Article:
ORNL officials gave local media a tour of Titan on Monday. The system includes 200 black air-conditioned, water-cooled cabinets each packed with 24 gray metal “blades” roughly the size of a pizza box. Each blade has four nodes, and each node has access to a shared networking chip and is built from a 16-core AMD processor and an NVIDIA GPU accelerator.

The supercomputer uses one GPU for each CPU. The GPUs are more powerful and energy-efficient than CPUs, but the GPUs can only solve math equations and can’t perform other functions such as communicating with the Internet or writing files, so they need CPUs, Bland said.

He said anyone can apply to use Titan under the U.S. Department of Energy’s Innovative and Novel Computational Impact on Theory and Experiment program, or INCITE. However, proposals are peer-reviewed to make sure that applicants know how to use the computer effectively and to decide which projects make the most sense and are most important for the country. Most users don’t pay, but businesses do if they want to keep the results proprietary.

Bland said there are about 50 large projects that will use the machine next year, with more than half of those from universities. Of the other half, most are from DOE, and the rest are from other federal agencies and industry.

Titan’s move to No. 1 on the Top500 list on Monday pushed the Sequoia supercomputer at Lawrence Livermore National Laboratory down one spot from No. 1 to No. 2. That IBM BlueGene/Q system, which will be used for classified nuclear stockpile security work, had achieved 16.32 petaflops.

Other systems in the Top 5 were Fujitsu’s K computer at the RIKEN Advanced Institute for Computational Science in Kobe, Japan, which was No. 3; a BlueGene/Q system named Mira at Argonne National Laboratory near Chicago at No. 4; and a BlueGene/Q system named JUQUEEN at the Forschungszentrum Juelich in Germany, which placed fifth. It has been upgraded and is now the most powerful system in Europe.

A Top500 press release said there are now 23 systems with petaflop performance on the latest list, just 4.5 years after the debut of Roadrunner, the world’s first petaflop supercomputer.

The TOP500 list is compiled by Hans Meuer of the University of Mannheim, Germany; Erich Strohmaier and Horst Simon of Lawrence Berkeley National Laboratory; and Jack Dongarra, a distinguished professor in the Electrical Engineering and Computer Science Department and the director of the Innovative Computing Laboratory at the University of Tennessee in Knoxville.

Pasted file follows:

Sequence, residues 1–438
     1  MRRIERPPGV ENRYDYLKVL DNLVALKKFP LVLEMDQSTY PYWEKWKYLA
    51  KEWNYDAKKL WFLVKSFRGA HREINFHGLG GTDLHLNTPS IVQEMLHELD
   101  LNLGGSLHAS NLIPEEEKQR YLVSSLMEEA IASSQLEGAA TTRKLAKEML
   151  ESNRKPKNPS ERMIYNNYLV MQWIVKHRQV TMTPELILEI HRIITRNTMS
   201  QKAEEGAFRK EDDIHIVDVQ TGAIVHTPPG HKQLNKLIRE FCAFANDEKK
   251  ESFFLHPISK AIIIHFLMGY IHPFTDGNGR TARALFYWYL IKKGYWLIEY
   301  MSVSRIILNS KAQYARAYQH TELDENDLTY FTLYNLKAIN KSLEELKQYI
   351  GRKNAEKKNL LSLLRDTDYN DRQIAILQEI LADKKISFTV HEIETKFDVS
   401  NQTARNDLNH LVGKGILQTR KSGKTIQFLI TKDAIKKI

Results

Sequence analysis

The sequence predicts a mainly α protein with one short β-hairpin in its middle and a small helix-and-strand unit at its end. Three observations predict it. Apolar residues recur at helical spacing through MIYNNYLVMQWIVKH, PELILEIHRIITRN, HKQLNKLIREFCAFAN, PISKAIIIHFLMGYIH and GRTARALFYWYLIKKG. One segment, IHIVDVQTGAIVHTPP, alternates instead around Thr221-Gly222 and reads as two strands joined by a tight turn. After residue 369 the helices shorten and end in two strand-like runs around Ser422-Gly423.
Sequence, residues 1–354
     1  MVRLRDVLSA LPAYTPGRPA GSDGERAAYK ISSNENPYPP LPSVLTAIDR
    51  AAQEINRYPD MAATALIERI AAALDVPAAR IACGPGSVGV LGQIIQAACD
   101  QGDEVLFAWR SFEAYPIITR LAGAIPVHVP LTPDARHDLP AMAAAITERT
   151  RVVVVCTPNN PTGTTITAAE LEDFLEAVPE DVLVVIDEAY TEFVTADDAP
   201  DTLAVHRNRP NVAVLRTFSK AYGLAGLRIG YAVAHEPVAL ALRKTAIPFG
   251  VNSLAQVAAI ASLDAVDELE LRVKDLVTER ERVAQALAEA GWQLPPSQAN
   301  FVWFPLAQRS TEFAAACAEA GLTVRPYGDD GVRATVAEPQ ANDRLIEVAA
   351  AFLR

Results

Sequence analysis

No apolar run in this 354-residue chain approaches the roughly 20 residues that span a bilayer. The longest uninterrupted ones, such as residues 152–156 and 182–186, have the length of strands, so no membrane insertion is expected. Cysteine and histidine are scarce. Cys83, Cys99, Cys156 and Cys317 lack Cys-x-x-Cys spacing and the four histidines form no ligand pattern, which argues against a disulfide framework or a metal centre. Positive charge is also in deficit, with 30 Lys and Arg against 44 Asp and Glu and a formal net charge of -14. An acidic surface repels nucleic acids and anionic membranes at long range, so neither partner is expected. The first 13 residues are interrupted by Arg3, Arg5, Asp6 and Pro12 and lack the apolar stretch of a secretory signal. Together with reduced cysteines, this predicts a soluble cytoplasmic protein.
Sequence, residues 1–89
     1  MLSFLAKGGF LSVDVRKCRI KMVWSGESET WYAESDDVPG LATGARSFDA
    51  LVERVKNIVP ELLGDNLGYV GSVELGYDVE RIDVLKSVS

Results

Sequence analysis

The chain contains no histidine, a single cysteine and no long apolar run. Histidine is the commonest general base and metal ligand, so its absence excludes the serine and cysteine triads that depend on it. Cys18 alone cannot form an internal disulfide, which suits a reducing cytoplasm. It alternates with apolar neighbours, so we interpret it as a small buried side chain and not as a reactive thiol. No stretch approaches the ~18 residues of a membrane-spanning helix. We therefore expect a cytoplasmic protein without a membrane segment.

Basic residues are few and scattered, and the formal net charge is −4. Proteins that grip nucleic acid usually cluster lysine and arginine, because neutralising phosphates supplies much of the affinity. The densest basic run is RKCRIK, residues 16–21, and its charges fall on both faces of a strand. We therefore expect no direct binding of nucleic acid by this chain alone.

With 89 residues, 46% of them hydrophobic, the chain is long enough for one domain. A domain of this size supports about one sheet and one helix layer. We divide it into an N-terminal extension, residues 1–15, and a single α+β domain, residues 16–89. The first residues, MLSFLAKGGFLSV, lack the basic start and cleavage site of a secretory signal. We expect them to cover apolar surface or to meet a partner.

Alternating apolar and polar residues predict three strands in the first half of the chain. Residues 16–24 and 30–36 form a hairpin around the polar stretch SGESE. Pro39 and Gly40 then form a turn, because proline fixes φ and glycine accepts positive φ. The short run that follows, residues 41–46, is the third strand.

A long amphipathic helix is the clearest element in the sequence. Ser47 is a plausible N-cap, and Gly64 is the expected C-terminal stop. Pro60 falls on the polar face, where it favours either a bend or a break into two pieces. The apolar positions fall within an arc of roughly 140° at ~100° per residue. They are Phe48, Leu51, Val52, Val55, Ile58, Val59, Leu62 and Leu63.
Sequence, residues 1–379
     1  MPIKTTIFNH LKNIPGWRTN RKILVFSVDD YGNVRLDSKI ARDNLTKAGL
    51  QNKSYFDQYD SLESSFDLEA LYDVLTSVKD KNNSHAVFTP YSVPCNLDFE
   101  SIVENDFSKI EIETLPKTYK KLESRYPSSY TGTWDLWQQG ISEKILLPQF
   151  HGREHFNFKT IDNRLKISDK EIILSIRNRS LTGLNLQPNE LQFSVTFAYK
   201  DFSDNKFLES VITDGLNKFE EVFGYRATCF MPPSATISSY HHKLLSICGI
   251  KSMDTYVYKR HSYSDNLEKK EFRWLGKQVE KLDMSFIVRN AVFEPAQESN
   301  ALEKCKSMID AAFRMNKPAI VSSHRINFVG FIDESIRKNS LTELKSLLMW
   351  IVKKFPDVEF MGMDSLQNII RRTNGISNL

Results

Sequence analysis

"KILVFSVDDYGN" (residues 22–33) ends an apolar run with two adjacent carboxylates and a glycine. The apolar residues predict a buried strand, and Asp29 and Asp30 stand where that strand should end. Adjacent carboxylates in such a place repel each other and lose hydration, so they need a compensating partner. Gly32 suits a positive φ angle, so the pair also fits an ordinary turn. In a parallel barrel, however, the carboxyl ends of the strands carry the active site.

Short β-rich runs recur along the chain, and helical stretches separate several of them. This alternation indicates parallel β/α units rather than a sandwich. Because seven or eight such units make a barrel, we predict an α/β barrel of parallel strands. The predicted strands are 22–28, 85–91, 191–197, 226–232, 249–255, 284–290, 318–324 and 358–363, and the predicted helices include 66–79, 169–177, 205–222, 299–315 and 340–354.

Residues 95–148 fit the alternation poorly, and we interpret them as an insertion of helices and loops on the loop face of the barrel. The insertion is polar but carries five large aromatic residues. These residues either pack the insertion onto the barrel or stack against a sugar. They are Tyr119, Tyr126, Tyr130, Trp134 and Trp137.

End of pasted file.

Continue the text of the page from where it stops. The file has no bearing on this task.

Bland said the supercomputers can help make economically significant predictions, helping scientists understand such things as the impacts of carbon dioxide emissions on ice sheets and sea levels, how to burn materials efficiently, and methods to produce ethanol from switchgrass or poplar trees.

He said a trucking company used Jaguar to design air foils to help tractor-trailers meet California fuel economy standards. Virtual wind tunnel testing on Jaguar predicted the results of actual performance tests within 1 percent, Bland said, cutting the design and testing phase in half and allowing the company to bring its product to market ahead of its competitors.

Although it’s primarily an important scientific project, the high-performance computing work at ORNL helps East Tennessee in other ways, Bland said, keeping the lab economically competitive, bringing in high-speed Internet connections, and providing good high-paying jobs.

“The economic impact to East Tennessee is enormous,” Bland said.

He doesn’t expect Titan to be around for a long time. Supercomputers typically last four to five years, Bland said. In five years, he said, DOE will likely be able to buy and run a new supercomputer that costs less to operate than it will cost to continue operating Titan.

Mason said Titan’s No. 1 ranking is at least the fourth first-place ranking for an ORNL computer, although benchmarking tests haven’t always been available.

Read the ORNL press release here.